The virus is at work and constantly mutating. Until now, Omicron’s sub-variant BA.2 was dominant, but experts in the US believe that two new subvariants may be contributing to the recent rise in cases. Both subvariants seem to have evolved from the BA.2.
With all this going on, back home the NCOC has been closed and PHEOC has taken over in a newly formed Centre for Disease Control at the restructured NIH. The restructuring of NIH is a major undertaking and, understandably, it will take time to reset the organisation. Some key positions have been difficult to fill. Not only has it been a major shift in Covid-19 management but reportedly, the level of participation at PHEOC’s daily meetings has also gone down.
The most important role the NCOC played was through its authoritative convening of all public and private stakeholders and immaculate national coordination as a civil-military constellation. Decisions were made and implemented in a highly efficient manner and this made all the difference. Now, with the move to PHEOC, the coordination with the provinces has also reportedly become weaker. Disease surveillance continues to be based primarily on manual reporting, while differentiated data analysis, as we saw during the NCOC days, is also losing granularity.
All this, and now the continued political turbulence and a new leadership at the ministry of health has made us quite vulnerable and we should be anxious. The new political rulers need to pay immediate and sustained attention to our state of preparedness for detecting any early signs of Covid-19 ripples before they turn into a wave.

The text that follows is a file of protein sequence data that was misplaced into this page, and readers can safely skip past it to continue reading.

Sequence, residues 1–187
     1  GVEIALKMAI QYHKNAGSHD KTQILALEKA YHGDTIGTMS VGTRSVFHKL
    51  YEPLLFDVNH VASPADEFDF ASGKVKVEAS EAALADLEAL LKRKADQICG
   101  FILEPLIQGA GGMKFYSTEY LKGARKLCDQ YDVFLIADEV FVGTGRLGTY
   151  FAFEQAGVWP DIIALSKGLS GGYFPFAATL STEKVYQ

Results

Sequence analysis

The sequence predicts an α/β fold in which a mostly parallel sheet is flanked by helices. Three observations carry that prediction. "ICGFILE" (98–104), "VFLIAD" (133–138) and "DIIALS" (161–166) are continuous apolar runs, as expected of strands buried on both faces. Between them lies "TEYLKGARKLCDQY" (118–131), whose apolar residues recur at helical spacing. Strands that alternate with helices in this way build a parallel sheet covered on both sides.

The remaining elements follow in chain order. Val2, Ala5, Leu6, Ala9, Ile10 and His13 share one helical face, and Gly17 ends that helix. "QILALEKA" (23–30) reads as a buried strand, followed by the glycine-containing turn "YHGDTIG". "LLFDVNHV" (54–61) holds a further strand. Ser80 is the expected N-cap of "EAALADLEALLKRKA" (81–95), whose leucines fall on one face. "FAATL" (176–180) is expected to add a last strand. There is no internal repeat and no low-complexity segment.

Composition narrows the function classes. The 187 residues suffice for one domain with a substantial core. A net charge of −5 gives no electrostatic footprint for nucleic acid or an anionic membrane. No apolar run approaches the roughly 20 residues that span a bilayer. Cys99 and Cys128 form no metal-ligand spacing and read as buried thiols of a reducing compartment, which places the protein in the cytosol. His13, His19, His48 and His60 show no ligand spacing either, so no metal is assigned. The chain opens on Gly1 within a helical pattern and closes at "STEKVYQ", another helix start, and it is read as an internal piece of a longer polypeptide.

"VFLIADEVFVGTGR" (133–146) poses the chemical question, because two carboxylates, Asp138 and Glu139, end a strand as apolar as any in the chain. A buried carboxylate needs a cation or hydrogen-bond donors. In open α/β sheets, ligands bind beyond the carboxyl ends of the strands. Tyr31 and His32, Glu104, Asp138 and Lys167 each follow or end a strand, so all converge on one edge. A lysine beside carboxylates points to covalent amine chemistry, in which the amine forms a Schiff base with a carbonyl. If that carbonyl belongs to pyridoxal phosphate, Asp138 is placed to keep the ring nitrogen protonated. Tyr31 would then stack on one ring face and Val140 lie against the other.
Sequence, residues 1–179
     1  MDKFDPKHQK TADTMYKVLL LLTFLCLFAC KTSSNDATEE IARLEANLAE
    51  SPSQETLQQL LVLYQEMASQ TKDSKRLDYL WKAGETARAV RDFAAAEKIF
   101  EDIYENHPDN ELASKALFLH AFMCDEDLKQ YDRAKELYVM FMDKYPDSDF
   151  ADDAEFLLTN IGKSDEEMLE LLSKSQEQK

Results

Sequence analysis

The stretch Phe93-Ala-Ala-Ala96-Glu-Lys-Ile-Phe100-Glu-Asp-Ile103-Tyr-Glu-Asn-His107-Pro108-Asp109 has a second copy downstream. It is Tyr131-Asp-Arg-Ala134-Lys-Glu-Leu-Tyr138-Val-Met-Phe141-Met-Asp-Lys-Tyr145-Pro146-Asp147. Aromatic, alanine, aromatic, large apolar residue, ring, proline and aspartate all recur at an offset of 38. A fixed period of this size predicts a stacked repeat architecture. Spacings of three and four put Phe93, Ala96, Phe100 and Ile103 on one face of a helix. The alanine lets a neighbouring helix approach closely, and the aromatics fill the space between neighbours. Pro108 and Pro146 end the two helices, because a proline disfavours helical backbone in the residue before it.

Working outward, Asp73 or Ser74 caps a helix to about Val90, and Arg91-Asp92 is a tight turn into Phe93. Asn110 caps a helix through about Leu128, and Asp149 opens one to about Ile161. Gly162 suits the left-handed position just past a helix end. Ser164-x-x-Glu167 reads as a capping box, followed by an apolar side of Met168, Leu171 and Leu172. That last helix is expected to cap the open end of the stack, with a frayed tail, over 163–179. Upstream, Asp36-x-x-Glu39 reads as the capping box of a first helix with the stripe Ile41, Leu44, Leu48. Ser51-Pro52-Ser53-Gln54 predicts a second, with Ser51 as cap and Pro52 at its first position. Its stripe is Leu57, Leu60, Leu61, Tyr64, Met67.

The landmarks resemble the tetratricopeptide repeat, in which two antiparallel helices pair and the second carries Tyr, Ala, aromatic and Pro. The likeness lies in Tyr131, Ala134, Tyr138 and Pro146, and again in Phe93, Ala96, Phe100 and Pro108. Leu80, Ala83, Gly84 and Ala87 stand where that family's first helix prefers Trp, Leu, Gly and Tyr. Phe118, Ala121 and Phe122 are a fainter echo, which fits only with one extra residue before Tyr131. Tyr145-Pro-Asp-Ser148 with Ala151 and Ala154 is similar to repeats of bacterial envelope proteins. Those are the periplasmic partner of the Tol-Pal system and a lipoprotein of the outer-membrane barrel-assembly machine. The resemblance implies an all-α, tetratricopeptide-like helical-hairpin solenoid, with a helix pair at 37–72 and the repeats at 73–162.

Pakistan is not seizing the proverbial opportunity in the challenge. Here is my proposal for the new government: set up an independent national commission to carefully study the national response to Covid-19, our strengths and weaknesses and suggest actions that we must take to prepare ourselves better for any future public health emergency. The commission should also make recommendations for resource allocation for emergency preparedness and response in the light of the Covid-19 experience and in the context of the International Health Regulations, 2005, and the comprehensive report produced by the Joint External Evaluation Mission in 2016 that looked into each aspect of emergency preparedness in Pakistan.
We need to move from a position of vulnerability to a position of strength. This is only possible if we systematically analyse and learn our lessons from Covid-19.
The writer is a former SAPM on health, professor of health systems at Shifa Tameer-i-Millat University and WHO adviser on UHC.